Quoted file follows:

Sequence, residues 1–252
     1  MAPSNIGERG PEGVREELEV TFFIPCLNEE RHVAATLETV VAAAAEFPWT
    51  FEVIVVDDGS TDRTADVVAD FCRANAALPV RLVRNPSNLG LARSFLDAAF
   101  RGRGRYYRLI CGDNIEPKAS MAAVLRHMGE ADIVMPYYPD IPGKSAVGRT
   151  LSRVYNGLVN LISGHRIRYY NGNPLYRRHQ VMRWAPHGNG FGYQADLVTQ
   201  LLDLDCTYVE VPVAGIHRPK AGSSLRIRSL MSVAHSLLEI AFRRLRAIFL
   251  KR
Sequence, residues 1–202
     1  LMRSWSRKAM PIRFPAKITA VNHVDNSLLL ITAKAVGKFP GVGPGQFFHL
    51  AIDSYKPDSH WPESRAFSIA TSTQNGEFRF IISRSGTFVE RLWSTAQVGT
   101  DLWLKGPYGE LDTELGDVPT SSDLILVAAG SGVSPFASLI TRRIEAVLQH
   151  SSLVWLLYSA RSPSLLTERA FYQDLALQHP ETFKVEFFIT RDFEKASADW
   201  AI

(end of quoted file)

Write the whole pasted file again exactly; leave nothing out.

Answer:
Sequence, residues 1–252
     1  MAPSNIGERG PEGVREELEV TFFIPCLNEE RHVAATLETV VAAAAEFPWT
    51  FEVIVVDDGS TDRTADVVAD FCRANAALPV RLVRNPSNLG LARSFLDAAF
   101  RGRGRYYRLI CGDNIEPKAS MAAVLRHMGE ADIVMPYYPD IPGKSAVGRT
   151  LSRVYNGLVN LISGHRIRYY NGNPLYRRHQ VMRWAPHGNG FGYQADLVTQ
   201  LLDLDCTYVE VPVAGIHRPK AGSSLRIRSL MSVAHSLLEI AFRRLRAIFL
   251  KR
Sequence, residues 1–202
     1  LMRSWSRKAM PIRFPAKITA VNHVDNSLLL ITAKAVGKFP GVGPGQFFHL
    51  AIDSYKPDSH WPESRAFSIA TSTQNGEFRF IISRSGTFVE RLWSTAQVGT
   101  DLWLKGPYGE LDTELGDVPT SSDLILVAAG SGVSPFASLI TRRIEAVLQH
   151  SSLVWLLYSA RSPSLLTERA FYQDLALQHP ETFKVEFFIT RDFEKASADW
   201  AI